Saturday, May 3, 2014

Unusual Artifacts: The Crichton Vinaigrette, 1885-1886

G.&M. Crichton
The Victoria & Albert Museum

A Vinaigrette was used to hold an aromatic substance. Usually, the vinaigrette was worn, suspended from a chain, cord or ribbon around the throat. Sometimes, it could take the form of a brooch or a hand-held ornament.

This example was made around 1886 in Scotland by the Edinburgh jewelery firm G&M Crichton who had earlier made quite a splash at the London Exhibition of 1872. While Crichton’s designs were praised overall at the exhibition, some critics felt that the Highland brooches were a bit too “extravagant” in detail.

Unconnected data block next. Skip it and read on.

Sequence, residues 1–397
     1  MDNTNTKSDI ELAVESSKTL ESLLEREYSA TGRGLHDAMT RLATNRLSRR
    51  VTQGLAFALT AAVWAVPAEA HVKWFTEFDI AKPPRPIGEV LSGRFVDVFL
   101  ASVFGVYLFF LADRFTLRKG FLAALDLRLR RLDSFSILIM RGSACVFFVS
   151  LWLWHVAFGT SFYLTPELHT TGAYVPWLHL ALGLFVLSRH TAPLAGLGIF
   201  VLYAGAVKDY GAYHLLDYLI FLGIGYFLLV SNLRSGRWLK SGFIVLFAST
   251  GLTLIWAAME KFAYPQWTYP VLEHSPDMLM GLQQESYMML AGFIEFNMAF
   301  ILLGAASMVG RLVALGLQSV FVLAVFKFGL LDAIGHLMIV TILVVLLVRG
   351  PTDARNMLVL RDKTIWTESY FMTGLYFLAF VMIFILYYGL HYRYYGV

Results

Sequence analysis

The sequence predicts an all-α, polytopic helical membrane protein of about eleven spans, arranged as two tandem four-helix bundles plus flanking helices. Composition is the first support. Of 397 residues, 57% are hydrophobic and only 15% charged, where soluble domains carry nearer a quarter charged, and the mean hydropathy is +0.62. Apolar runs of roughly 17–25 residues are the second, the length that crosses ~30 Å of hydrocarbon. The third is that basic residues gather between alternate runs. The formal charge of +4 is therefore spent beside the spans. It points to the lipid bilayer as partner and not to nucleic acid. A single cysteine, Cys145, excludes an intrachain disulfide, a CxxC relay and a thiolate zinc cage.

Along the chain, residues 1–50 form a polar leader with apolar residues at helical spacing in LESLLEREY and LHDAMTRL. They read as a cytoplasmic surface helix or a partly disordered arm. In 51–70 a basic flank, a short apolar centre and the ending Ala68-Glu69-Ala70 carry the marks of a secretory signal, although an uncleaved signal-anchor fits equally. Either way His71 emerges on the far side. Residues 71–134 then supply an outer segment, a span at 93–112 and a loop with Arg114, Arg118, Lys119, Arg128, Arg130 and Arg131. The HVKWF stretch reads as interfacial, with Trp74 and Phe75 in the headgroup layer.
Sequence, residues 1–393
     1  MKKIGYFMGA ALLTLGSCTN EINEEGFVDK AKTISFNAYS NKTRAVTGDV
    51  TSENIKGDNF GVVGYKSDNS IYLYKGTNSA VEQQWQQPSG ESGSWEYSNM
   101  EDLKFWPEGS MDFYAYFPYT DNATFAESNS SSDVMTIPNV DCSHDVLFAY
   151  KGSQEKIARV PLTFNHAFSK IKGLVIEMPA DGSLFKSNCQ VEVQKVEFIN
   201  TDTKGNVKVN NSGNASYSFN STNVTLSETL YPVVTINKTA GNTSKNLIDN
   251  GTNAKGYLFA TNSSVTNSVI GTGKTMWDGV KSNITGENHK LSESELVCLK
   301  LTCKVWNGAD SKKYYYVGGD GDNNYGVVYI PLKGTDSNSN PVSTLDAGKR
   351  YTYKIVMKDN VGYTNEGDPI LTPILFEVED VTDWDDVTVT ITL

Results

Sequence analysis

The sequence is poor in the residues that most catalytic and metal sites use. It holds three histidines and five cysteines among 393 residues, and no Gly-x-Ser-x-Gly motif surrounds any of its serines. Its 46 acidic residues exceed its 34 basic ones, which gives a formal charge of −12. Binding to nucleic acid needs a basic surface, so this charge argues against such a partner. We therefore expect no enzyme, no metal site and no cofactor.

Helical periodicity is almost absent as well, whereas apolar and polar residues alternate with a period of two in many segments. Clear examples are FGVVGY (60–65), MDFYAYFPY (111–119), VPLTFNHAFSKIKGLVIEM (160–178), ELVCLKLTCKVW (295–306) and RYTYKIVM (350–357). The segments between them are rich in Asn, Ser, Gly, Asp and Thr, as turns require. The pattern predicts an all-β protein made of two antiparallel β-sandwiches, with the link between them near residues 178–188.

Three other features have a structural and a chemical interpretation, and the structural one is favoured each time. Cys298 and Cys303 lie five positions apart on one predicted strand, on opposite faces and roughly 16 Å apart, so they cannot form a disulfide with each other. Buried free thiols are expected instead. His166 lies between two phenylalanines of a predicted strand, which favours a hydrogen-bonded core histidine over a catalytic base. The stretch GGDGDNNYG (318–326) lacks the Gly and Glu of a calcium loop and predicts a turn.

When this brooch was made, Scotland and all things Scottish were quite fashionable due to the earlier poetry of Sir Walter Scott and the public admiration for the land shown by Queen Victoria and Prince Albert. Scottish pebble jewelry was quite in demand. While the majority of these Scottish agate pieces came back to England as souvenirs of Scotland, some examples were made in Birmingham to meet the high demand. Birmingham jewelers would mimic the style of the Scottish jewels, employing stones collected in Scotland.

This vinaigrette shows the variety of attractive stones native to Scotland. Citrines, amethysts, bloodstone, mottled jasper and banded agate are set into silver. The reverse is marked for G.&M. Crichton with hallmarks for 1885 to 1886.

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